How the two come together is the art of diplomacy. Countries are simultaneously trying to co-operate to bring down global greenhouse gas emissions and battling to secure an edge in the energy transition. This is geopolitics of the anthropocene.

With 25 years in government, working on issues ranging from fighter jets to climate change, Stewart’s role highlighting the country’s positive contributions is not just for the sake of it; it’s to build support for Canada’s vision of what a decarbonized world should look like.

As COP27 kicks off this week and Canada prepares to welcome delegates to Montreal next month for an equally massive UN biodiversity conference, Stewart is on a charm offensive and looking to underscore the links between bringing down global emissions and protecting nature.

In Egypt, Stewart says there will be opportunities to talk about Canada’s national adaptation strategy, a plan “that touches on both climate and nature, so I'm looking forward to profiling that,” she said. “Also going to be moderating a panel on sustainable finance, and there's a definite connection to tease out between financing climate investments and investments that also have an impact on nature.”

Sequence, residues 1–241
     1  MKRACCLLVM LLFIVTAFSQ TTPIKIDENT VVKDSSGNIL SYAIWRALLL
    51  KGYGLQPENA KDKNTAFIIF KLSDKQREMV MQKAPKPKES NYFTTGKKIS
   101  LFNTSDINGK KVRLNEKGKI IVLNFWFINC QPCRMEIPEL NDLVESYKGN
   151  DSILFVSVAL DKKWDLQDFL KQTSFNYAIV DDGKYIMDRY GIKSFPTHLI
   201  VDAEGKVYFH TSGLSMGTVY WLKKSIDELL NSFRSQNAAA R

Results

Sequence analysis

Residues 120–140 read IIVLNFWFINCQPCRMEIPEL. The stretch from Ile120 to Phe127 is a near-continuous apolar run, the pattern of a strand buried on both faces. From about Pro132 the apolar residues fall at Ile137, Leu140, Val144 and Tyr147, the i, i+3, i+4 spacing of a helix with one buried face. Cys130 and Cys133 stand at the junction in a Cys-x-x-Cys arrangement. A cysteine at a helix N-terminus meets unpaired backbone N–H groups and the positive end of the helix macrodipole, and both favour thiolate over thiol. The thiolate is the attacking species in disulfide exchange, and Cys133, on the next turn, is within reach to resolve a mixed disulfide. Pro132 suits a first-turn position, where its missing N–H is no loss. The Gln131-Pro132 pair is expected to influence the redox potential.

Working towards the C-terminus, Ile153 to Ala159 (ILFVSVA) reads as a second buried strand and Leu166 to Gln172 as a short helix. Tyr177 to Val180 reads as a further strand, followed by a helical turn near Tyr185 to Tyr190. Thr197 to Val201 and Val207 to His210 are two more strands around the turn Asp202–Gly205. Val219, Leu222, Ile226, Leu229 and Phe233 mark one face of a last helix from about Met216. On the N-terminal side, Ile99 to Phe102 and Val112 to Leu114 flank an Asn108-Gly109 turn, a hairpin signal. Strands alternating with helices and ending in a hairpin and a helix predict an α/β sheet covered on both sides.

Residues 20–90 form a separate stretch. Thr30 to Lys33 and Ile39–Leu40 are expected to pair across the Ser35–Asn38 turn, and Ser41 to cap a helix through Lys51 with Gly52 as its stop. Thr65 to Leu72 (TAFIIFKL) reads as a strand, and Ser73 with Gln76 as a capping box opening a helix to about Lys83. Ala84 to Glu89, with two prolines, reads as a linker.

When the UN biodiversity conference comes to Montreal, “I suspect it will be a similar type of opportunity, looking, for example, at biodiversity finance and where is the connection to climate,” she said.

Here's what Canada's climate change ambassador will be up to at the United Nations' #COP27 climate conference in Egypt — and how she'll set the stage for Montreal's massive biodiversity conference in December. #cdnpoli